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Is ADHD real?
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ADHD is stigmatized and misunderstood

Many believe that ADHD is not a real disorder, or that too many people are diagnosed, especially children. Denying the existence of this disorder is damaging to those with ADHD, feeling that they need to hide their disorder in fear of being shamed.

The Argument

As the number of ADHD diagnoses increases, the stigma that surrounds the disorder continues, as well as the debate on whether ADHD exists. Questions over the legitimacy and diagnosis are common among health professionals, with many fighting to prove that the condition is a valid disorder. The misunderstanding of ADHD comes from the fact that we aren’t entirely sure where the disorder comes from or why it is developed. Many scientists believe it is genetic, while others suggest that environmental factors are a leading cause. Whatever the cause may be, ADHD is a real condition that affects more than 5 million children in the United States today.[1] Several disorders remain mysterious to health professionals today, but people still in treatment for them. Conditions, such as bipolar, are accepted as a valid condition and treated as a result. Still, the exact cause of bipolar is unknown. If we were to turn these individuals away from receiving the right treatment, their lives would be significantly affected. [2]ADHD should not be treated any differently. Many people have received treatment for ADHD, and have reported positive long-lasting results. Putting a negative connotation around ADHD may cause people to not seek out treatment, in fear of being shamed for their condition.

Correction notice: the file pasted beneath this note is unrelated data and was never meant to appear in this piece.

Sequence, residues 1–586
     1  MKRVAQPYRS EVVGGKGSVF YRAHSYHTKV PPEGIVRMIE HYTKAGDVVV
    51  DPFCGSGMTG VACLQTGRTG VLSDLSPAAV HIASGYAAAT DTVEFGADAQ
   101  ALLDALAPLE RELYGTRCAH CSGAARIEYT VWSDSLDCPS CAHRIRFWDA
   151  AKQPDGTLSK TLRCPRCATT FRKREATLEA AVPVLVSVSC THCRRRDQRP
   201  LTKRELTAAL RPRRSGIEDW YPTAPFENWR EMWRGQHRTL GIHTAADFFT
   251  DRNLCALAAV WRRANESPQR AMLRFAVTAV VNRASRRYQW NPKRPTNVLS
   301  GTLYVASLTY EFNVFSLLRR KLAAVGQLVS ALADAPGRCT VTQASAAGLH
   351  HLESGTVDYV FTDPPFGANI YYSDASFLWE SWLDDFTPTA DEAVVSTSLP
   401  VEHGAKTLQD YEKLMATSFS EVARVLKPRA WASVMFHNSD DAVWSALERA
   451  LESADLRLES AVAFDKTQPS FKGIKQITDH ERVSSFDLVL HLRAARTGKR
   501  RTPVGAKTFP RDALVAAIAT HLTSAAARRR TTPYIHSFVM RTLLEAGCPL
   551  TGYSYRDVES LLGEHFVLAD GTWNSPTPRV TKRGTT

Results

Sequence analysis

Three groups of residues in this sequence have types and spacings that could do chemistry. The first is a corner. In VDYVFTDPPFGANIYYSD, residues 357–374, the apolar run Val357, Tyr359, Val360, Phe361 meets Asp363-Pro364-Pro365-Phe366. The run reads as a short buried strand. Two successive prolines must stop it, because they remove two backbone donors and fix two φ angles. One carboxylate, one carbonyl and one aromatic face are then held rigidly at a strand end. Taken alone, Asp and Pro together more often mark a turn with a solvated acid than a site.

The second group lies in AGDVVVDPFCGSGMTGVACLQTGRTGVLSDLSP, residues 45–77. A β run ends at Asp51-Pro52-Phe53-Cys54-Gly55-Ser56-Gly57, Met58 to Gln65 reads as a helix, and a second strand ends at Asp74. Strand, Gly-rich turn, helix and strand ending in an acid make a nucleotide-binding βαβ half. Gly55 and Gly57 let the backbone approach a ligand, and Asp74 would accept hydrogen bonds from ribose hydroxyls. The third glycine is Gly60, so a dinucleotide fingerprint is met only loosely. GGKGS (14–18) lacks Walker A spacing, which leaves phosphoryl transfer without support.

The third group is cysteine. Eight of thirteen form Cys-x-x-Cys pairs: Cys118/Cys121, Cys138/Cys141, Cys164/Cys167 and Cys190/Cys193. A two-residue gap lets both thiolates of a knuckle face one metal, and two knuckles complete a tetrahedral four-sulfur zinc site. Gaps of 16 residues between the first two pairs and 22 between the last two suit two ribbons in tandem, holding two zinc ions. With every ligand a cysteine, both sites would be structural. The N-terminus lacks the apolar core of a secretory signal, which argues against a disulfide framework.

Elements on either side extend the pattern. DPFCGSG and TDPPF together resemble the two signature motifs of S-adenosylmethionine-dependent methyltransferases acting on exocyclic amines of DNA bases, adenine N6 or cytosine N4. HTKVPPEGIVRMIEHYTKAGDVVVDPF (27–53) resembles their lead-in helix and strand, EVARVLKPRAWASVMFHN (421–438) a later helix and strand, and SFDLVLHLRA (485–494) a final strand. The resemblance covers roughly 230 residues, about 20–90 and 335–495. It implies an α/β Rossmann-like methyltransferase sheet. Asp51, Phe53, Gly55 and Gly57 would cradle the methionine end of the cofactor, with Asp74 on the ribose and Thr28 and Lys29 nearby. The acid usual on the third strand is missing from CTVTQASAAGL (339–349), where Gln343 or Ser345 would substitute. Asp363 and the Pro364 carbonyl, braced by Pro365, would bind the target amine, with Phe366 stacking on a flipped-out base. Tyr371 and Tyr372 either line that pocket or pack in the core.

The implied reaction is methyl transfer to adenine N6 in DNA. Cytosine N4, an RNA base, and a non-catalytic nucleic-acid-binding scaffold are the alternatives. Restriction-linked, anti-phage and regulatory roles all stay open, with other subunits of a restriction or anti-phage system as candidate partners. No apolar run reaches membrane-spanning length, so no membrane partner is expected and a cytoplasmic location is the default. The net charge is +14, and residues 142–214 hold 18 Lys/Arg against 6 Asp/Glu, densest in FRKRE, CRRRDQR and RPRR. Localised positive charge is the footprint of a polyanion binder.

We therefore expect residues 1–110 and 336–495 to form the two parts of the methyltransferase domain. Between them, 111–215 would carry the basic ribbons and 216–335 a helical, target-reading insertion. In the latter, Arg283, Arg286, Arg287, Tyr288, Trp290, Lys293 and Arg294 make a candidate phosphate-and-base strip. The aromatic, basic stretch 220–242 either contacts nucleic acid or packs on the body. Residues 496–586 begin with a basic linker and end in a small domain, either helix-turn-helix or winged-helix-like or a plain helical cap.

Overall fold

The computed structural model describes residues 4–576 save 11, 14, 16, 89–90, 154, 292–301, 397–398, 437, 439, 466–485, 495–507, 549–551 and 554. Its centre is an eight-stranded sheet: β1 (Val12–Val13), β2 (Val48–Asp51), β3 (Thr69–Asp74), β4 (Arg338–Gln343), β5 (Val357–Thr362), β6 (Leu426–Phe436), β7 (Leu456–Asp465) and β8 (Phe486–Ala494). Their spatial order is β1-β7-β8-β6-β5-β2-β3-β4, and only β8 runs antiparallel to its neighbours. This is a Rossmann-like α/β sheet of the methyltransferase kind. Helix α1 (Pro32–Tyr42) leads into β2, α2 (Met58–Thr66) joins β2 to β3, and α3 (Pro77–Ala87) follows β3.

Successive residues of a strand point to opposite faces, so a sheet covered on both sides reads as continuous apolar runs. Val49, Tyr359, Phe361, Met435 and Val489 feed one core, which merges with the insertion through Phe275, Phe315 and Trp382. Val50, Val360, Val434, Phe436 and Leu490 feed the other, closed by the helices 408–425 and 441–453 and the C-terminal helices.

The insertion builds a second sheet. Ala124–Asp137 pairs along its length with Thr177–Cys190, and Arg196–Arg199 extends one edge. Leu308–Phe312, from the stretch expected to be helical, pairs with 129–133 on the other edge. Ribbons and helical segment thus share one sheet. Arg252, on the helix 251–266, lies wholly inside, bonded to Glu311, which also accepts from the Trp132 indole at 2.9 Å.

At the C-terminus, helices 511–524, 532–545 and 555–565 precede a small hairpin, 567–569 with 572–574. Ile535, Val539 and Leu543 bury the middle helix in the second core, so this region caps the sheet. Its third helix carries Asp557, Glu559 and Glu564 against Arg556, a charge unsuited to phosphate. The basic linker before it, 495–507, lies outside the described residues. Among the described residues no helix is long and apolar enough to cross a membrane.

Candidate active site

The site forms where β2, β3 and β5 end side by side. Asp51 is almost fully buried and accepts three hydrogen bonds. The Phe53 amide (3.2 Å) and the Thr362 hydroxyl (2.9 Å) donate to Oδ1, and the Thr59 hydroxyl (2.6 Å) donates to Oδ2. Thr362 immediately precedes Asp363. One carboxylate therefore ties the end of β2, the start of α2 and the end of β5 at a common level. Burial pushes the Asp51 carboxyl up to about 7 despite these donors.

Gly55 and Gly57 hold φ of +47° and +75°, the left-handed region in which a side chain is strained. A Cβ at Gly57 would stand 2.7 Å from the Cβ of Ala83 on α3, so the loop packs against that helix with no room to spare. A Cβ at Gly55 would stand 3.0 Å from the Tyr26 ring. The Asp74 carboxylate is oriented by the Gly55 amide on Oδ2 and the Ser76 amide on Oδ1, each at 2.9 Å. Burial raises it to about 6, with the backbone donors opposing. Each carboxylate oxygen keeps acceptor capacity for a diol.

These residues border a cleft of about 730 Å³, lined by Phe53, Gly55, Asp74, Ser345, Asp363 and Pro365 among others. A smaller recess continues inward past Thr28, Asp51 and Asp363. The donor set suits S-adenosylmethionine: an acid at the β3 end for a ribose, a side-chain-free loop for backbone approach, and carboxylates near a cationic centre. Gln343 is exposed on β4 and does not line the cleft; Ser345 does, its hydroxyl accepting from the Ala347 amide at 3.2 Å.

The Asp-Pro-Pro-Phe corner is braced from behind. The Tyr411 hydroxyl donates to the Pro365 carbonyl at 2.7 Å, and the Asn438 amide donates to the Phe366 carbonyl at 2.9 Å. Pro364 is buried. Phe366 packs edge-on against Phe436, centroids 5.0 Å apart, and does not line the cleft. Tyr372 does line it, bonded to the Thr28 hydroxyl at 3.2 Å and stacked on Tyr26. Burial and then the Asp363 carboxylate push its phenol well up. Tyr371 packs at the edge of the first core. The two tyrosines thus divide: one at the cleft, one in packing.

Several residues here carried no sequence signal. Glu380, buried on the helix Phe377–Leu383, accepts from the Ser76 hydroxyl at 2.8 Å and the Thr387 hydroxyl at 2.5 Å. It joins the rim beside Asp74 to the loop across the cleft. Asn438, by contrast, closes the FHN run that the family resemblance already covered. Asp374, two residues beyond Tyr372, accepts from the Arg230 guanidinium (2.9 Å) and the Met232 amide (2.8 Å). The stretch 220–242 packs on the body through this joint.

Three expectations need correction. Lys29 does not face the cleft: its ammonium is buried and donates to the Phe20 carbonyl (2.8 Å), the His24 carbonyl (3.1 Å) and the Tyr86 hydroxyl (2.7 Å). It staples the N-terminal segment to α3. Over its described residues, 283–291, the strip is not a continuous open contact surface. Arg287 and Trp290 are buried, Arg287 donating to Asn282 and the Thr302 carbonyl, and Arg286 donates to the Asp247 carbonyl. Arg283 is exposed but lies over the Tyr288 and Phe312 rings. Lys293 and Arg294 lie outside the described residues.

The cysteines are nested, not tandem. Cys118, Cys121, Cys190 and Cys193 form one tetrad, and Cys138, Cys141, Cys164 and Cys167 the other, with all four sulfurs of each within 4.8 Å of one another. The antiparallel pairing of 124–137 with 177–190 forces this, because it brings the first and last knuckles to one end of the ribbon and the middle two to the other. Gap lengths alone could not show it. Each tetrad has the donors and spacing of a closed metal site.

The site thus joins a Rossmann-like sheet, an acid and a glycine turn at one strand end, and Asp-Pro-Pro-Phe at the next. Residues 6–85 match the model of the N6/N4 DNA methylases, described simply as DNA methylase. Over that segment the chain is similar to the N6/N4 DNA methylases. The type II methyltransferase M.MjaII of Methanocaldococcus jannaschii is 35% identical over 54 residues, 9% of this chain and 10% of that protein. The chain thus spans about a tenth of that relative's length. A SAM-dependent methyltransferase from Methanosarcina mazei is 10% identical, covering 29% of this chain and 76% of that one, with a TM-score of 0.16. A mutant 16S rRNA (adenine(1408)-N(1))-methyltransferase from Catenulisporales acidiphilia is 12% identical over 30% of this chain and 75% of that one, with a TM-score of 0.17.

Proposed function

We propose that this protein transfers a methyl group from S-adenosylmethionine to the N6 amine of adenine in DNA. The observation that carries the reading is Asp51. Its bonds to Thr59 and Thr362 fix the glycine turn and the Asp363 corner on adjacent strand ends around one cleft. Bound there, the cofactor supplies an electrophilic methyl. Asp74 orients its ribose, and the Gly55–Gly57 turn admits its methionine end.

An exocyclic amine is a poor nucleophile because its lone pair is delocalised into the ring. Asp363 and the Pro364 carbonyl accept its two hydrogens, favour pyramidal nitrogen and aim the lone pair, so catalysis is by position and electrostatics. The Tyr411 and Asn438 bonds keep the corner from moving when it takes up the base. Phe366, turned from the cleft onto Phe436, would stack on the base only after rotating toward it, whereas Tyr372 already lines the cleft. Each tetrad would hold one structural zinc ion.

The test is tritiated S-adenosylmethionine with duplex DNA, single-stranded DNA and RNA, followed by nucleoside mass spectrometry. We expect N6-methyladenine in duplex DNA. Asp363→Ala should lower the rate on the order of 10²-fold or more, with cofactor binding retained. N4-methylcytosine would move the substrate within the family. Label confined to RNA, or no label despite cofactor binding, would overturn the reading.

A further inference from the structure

Counter arguments

The stigma that surrounds ADHD stems from the misdiagnosis of patients. Many signs of ADHD, such as restlessness and the inability to focus, are closely aligned with symptoms of other conditions. While it may seem wrong or insensitive to say that ADHD doesn’t exist, the belief may come from the possibility of misdiagnosis or the fear that a more serious condition may not be realized. These alternative conditions may be anxiety, depression, bipolar disorder, or a learning disability. The treatment for ADHD may not be as effective if they are being treated for the wrong condition.



Rejecting the premises


This page was last edited on Tuesday, 10 Nov 2020 at 20:23 UTC

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